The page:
Saturday, July 8, 2017

Captain America - The Classic Years 1


There is no denying the sheer power of these earliest Captain America stories. They are properly famous for their exquisite timing, presenting an attractive patriotic hero in pop culture at just the right historical moment when such a creation would resonate with maximum effect, but these stories are also quite compelling in their own right. Joe Simon and Jack Kirby kicked out yarns with oomph and savvy which were frankly just more exciting than those produced by many of their peers.


In Captain America Comics #1 we get a quartet of tales. One is the obligatory origin tale, not necessarily something all heroes of the Golden Age got, but Cap got a good one. Then the newly minted duo of Cap and Bucky go up against the saboteurs Omar and Sandu, a novelty stage mind reading act which covered Nazi action on the home front.


Then Cap takes on the weird and brutal Rathbone who uses chess to arrange his murders in support of the Nazi cause. And finally the duo face off against their most deadly nemesis, The Red Skull who is using a deadly list to murder important figures in the war cause. All of these stories have a weird darkness to them.


The doesn't go away in the second issue. A grim variation of the Yellow Peril shows up when  Cap and Bucky must battle giant Oriential giants who it turns out are an enslaved tribe from the hidden recesses of the Himalayas.


They storm a Nazi stronghold giving Hitler himself heartburn. And finally they match wits with a deadly murderer who uses a wax museum as his lair. The impact of popular films was not lost on the Simon and Kirby team and they used many as templates for their own adventures.


In the third issue The Red Skull returns from the dead and this time uses a mammoth machine to dig through the Earth and demolish cities. He is routed of course by Cap and Bucky.


Then the duo go onto a movie set for the cause and run across a murder mystery which does a shout out to many an Errol Flynn epic. Finally in this issue they confront the Butterfly, a murderous predator despite his pretty name who lurks and plots in the shadows of a museum.


In the fourth issue Cap and Bucky confront a deadly mob of beggars who are dubbed "The Unholy Legion". This gang is also a bunch of Nazi saboteurs.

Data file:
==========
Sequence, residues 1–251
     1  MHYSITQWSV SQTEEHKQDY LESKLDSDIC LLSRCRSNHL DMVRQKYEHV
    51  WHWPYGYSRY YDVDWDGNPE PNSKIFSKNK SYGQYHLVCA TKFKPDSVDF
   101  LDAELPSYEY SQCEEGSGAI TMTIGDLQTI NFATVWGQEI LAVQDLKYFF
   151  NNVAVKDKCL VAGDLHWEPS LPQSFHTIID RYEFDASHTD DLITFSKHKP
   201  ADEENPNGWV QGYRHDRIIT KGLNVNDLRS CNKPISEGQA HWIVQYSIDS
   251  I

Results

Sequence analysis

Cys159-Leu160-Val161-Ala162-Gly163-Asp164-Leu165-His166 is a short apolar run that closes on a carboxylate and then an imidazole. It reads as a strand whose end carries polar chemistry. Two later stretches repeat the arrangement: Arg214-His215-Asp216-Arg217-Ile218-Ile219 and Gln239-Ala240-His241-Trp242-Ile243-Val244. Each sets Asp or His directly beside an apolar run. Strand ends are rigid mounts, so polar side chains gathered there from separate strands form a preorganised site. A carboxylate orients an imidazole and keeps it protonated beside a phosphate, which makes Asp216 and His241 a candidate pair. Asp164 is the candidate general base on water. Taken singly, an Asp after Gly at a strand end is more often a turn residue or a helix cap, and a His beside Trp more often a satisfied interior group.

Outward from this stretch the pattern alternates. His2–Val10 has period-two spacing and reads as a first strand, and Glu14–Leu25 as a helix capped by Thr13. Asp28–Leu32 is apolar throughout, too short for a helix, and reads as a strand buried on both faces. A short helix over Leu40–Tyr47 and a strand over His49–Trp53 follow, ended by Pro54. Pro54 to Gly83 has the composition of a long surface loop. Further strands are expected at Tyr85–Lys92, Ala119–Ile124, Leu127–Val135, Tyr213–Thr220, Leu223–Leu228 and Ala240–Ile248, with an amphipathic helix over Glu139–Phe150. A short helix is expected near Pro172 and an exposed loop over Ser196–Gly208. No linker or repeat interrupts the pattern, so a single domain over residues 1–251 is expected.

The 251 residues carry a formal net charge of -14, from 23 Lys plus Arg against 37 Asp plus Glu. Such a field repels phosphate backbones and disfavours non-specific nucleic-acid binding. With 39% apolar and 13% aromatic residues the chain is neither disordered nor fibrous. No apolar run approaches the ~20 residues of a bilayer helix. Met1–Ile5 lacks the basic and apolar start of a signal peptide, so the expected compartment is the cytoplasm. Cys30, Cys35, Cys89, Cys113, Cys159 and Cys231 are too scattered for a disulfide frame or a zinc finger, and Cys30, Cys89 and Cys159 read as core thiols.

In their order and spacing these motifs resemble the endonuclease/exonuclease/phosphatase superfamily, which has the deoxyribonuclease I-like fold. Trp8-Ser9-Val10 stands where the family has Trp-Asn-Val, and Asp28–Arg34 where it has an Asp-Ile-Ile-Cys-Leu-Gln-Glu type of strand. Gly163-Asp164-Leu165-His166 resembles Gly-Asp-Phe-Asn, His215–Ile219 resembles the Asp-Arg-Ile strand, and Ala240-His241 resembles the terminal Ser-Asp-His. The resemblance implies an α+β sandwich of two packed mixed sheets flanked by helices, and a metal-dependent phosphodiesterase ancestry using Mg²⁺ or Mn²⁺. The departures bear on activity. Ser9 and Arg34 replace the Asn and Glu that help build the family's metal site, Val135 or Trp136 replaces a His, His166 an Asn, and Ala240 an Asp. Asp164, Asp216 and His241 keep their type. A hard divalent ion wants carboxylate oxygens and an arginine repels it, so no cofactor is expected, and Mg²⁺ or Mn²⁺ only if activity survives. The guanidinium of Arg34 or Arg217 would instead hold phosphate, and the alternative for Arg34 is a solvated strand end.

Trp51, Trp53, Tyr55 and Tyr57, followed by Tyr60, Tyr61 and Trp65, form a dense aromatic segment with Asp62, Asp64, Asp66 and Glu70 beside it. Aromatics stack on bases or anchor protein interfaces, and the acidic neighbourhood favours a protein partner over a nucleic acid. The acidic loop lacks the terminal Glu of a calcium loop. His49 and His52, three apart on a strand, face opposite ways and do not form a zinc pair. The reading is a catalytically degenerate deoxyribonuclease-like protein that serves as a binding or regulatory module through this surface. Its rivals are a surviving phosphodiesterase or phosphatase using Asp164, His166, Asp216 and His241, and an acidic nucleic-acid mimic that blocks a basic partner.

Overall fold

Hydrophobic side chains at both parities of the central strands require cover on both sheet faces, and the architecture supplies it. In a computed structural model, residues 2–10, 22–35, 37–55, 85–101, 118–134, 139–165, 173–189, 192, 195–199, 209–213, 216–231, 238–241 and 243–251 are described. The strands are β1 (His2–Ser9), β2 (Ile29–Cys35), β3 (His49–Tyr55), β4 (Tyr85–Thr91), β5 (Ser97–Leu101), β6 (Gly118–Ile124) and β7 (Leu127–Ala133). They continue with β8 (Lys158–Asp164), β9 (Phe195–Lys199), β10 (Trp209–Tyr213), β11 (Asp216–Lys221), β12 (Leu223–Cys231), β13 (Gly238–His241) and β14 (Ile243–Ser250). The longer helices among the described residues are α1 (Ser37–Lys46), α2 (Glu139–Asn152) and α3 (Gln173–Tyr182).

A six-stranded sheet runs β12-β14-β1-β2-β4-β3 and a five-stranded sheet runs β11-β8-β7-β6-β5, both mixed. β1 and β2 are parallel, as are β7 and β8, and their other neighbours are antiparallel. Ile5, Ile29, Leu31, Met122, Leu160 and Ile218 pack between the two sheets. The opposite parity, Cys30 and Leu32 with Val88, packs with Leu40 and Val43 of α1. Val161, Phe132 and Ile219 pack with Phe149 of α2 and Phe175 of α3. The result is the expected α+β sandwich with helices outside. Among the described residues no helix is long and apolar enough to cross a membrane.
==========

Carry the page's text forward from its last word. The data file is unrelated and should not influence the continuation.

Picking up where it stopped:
Then there's the strange and odd battle against Ivan the Terrible in which Cap and Bucky help Princess Betty Ross and her father the King against an usurper. This dream story owes no small amount to Hal Foster's fantastic Prince Valiant. Then the team battle counterfeiters who undermine the Allied cause and later they invade a deadly hospital which holds all sorts of deadly secrets and even a few monsters.


The fifth issue of Captain Ameica Comics pits Cap against the Ringmaster of Death and his fellow circus allies who are to a man Nazis. Then Cap and Bucky head to the Pacific and have to confront an enormous monster which turns out to be a wild and weird Japanese plot. The issue closes with the duo battling local Nazi sympathizers and taking a tour of a distant prison dubbed "Terror Island".


These stories are much more lurid than one might expect given the nature of of the hero Captain America, a hero for the battlefield. Cap and Bucky fight mostly against spies and saboteurs and often against merely greedy villains. What is a consistent theme is the sense of horror which permeates the atmosphere of most stories.

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2 comments:

  1. In the introduction to the Cap Golden Age Masterworks Vol 3 (reprinted in the Cap GA Omnibus), Michael Uslan writes of having heard Joe Simon say "I always considered it to be a horror book." And really, overall, it is. Horror informs the designs of many of Timely's heroes and most of its villains.

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    1. That makes a lot of sense reading the stories, but doesn't really compute with a daytime hero like Cap. Many of these adventures felt like Batman things.

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